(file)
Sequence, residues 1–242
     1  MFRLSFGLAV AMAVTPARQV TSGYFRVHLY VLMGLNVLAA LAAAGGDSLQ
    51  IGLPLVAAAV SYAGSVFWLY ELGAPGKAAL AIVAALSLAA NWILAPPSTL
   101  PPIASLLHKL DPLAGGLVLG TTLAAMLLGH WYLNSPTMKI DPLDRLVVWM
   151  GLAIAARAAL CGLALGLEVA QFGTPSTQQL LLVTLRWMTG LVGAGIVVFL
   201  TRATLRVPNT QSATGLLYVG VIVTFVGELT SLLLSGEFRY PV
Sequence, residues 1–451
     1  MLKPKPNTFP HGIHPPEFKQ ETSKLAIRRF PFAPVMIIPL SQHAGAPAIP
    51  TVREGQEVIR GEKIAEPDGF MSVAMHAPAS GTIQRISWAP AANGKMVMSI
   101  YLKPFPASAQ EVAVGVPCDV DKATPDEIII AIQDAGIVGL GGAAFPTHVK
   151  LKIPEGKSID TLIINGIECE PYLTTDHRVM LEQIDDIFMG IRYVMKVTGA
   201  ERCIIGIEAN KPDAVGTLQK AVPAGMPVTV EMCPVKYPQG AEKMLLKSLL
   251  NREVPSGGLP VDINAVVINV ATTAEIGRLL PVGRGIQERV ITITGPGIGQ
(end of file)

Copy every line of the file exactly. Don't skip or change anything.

Sequence, residues 1–242
     1  MFRLSFGLAV AMAVTPARQV TSGYFRVHLY VLMGLNVLAA LAAAGGDSLQ
    51  IGLPLVAAAV SYAGSVFWLY ELGAPGKAAL AIVAALSLAA NWILAPPSTL
   101  PPIASLLHKL DPLAGGLVLG TTLAAMLLGH WYLNSPTMKI DPLDRLVVWM
   151  GLAIAARAAL CGLALGLEVA QFGTPSTQQL LLVTLRWMTG LVGAGIVVFL
   201  TRATLRVPNT QSATGLLYVG VIVTFVGELT SLLLSGEFRY PV
Sequence, residues 1–451
     1  MLKPKPNTFP HGIHPPEFKQ ETSKLAIRRF PFAPVMIIPL SQHAGAPAIP
    51  TVREGQEVIR GEKIAEPDGF MSVAMHAPAS GTIQRISWAP AANGKMVMSI
   101  YLKPFPASAQ EVAVGVPCDV DKATPDEIII AIQDAGIVGL GGAAFPTHVK
   151  LKIPEGKSID TLIINGIECE PYLTTDHRVM LEQIDDIFMG IRYVMKVTGA
   201  ERCIIGIEAN KPDAVGTLQK AVPAGMPVTV EMCPVKYPQG AEKMLLKSLL
   251  NREVPSGGLP VDINAVVINV ATTAEIGRLL PVGRGIQERV ITITGPGIGQ